I reviewed Helix back in June, and recently had the opportunity to interview author Eric Brown!
Check back tomorrow for a giveaway of Helix!
Angela/SciFiChick: For those who haven’t read Helix yet, can you give us a brief synopsis?
Eric Brown: The Earth is failing ecologically and humanity must find another planet to colonise. The European Space Organisation sends a colony ship on a mission to find a suitable Earth-like planet. The ship crash-lands, on what the crew thinks is an uninhabitable, ice-bound planet. However, when the sun comes up, they find they’re on the lowest rung of a vast helix comprising of some ten thousand worlds. To survive they must trek up-spiral to find a clement world. On the way they meet all sorts of alien races, and attempt to discover who built the helix.
Angela: The setting, for the most part, is set on another world(s). Did you have a definite sense of what the Helix looked like when you wrote about it? Or did it reveal itself as you wrote?
EB: The former; it was the first thing that came to me. I was having dinner years ago at a friend’s place, and he had a lamp on the table with a kind of helical beading around a glass cowl. I thought at first it would make a neat space station. Later, it came to me that it would make an interesting planetary setting.
Angela: Where do you get your ideas for your characters?
EB: They’re all based – or the major ones anyway – on myself, what I think and feel. Or what I assume I would think and feel in certain situations.
Angela: Which actors would you choose to play the main characters in the movie adaptation of Helix, if they gave you free reign?
EB: Mmm… that’s an interesting one. Hendry, the Australian forty year-old computer expert would be a younger William Hurt, perhaps; Gina Carrelli would be played by Juliette Binoche. Kaluchek the Inuit… maybe Bjork. As for Olembe, he would be played by the Anglo-Nigerian O.T. Fagbenle.
Angela: How long did it take you to write Helix?
EB: I plotted it in a month or so. The actual writing took around four months; the rewrite another month.
Angela: Tell us a bit about yourself and your experience in writing.
EB: I began writing in the seventies, when I was fifteen and living in Melbourne, Australia. When I came across Ace doubles, and thought I’d try writing those, as they were short – little realising that they’d stopped publishing them years ago! I sold my first tale to Interzone in ’87, and soon after a collection of stories to Pan. I’ve been a freelance writer since the early nineties, taking other jobs when things were tight on the writing front. I’m back full-time now.
I write – I like to think – SF for people who don’t read much SF. It’s character-driven, eventful, economical – certainly not hard SF, which I don’t care for. I’m not bothered about explanations of science and technology in SF, nor about predictions; I like to empathise with human beings, and a good story.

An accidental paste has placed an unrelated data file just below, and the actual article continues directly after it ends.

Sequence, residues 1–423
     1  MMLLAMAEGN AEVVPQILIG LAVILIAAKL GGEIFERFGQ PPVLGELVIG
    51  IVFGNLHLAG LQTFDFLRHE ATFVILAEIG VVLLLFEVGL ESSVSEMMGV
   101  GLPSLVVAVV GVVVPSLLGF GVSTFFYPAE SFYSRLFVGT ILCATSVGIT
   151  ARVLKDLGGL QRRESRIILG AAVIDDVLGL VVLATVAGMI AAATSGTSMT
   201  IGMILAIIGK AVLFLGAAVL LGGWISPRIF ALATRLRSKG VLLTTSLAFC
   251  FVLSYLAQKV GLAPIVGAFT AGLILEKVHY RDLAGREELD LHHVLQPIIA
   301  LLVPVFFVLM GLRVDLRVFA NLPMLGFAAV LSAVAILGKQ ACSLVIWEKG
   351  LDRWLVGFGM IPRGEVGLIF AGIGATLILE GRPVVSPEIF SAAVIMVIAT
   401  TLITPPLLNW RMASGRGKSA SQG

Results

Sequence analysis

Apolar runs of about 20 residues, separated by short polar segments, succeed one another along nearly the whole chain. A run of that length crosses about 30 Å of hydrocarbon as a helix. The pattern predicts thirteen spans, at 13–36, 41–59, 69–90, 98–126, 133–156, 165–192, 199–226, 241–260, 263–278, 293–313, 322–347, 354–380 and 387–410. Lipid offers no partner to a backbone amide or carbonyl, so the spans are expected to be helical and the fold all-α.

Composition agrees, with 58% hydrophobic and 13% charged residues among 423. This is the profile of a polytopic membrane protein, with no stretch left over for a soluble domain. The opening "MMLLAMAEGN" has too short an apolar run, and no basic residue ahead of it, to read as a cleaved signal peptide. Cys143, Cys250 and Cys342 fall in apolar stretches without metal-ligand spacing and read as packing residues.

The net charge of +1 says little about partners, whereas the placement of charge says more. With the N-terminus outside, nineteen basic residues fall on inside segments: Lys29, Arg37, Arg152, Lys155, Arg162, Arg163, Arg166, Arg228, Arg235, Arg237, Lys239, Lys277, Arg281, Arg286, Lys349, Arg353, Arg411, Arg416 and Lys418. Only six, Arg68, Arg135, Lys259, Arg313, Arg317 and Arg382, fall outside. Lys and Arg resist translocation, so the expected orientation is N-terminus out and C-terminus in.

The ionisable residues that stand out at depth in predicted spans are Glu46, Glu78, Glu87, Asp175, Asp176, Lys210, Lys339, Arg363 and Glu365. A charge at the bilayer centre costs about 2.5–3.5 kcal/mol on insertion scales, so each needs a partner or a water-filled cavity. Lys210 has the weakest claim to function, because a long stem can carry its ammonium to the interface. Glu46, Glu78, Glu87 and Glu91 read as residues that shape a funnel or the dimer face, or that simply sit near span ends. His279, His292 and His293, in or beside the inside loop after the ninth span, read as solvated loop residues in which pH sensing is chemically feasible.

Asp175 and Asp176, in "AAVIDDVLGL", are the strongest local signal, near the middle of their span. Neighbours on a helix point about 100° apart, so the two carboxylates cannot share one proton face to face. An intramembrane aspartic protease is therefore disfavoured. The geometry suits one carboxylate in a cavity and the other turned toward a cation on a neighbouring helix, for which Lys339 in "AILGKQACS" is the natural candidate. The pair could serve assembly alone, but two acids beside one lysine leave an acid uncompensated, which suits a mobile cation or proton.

Angela: What inspires you?
EB: Reading other writers, writers I enjoy. Orwell, Robert Charles Wilson, Richard Paul Russo, Michael Coney; reading the life of Rupert Croft-Cooke, my favourite writer. He kept going, despite all the knocks – which is the main thing.
Angela: What was your first full length novel?
EB: I wrote something called Turbott, a supposed comedy, when I was sixteen. It was a mainstream cross between Leslie Thomas and Tom Sharpe, and it was appalling. After that I wrote around twenty more, mostly SF, before selling the collection and a novel, Meridian Days, in around 1991.
Angela: Your next Solaris novel, KÃ©thani, will be released next May. What can you tell us about it? Is it a sequel to Helix?
EB: No, it’s not a sequel. It’s based on the series of short stories I’ve been writing for ten years about a race of aliens – the Kethani – who arrive on Earth and confer immortality on us. We can live for ever if we want to; when we ‘die’ we are taken to the aliens’ homeplanet, resurrected, and given the choice of either returning to Earth or going out among the stars as ambassadors of the Kethani.
The novel is about a group of friends who live in West Yorkshire in the near future, and how they react to the dubious gift of immortality. The stories concentrate on the human predicament, and the aliens, the science and technology, is kept in the background.
The novel is a rewrite of all the tales, with a lot of additional, linking chapters, and a prologue and coda. I think it’s my best book.
Angela: Besides the release of KÃ©thani, what’s up next for you? What are you working on?
EB: I’m working on the third book of the Bengal Station trilogy, which I’ve just sold to Solaris. The first two books, Psichopath (provisional title) and Xenopath are written, and I’m plotting and making notes on the third, Necropath. They’re about the investigations of a telepathic investigator on a vast spaceport in the middle of the Indian Ocean some time in the next century.
Angela: Who are some of your favorite authors? What books do you love?
EB: Michael Coney, as mentioned above; his Hello Summer, Goodbye is stunning – a gentle love story set on a very alien world. I like James Lovegrove’s work – he writes literary SF and Fantasy, and every book of his is different, and excellent. I’m a big fan of G.K. Chesterton, best known as the creator of the Father Brown detective stories. (I’ve recently sold a novella to PS Publishing featuring Chesterton and Edgar Rice Burroughs meeting on Mars, improbable as that might seem.)
Angela: What do you do when you’re not writing? In your spare time?
EB: I look after my daughter, Freya, and read for review. I do a monthly column for the Guardian, reviewing four SF and Fantasy, which keeps me pretty busy. I love cooking, mainly Thai and Indian, and we’re in the middle of moving house, and this one has a garden, so I’ll be growing vegetables soon, I hope.
Angela: Thanks for your time!
EB: And thank you.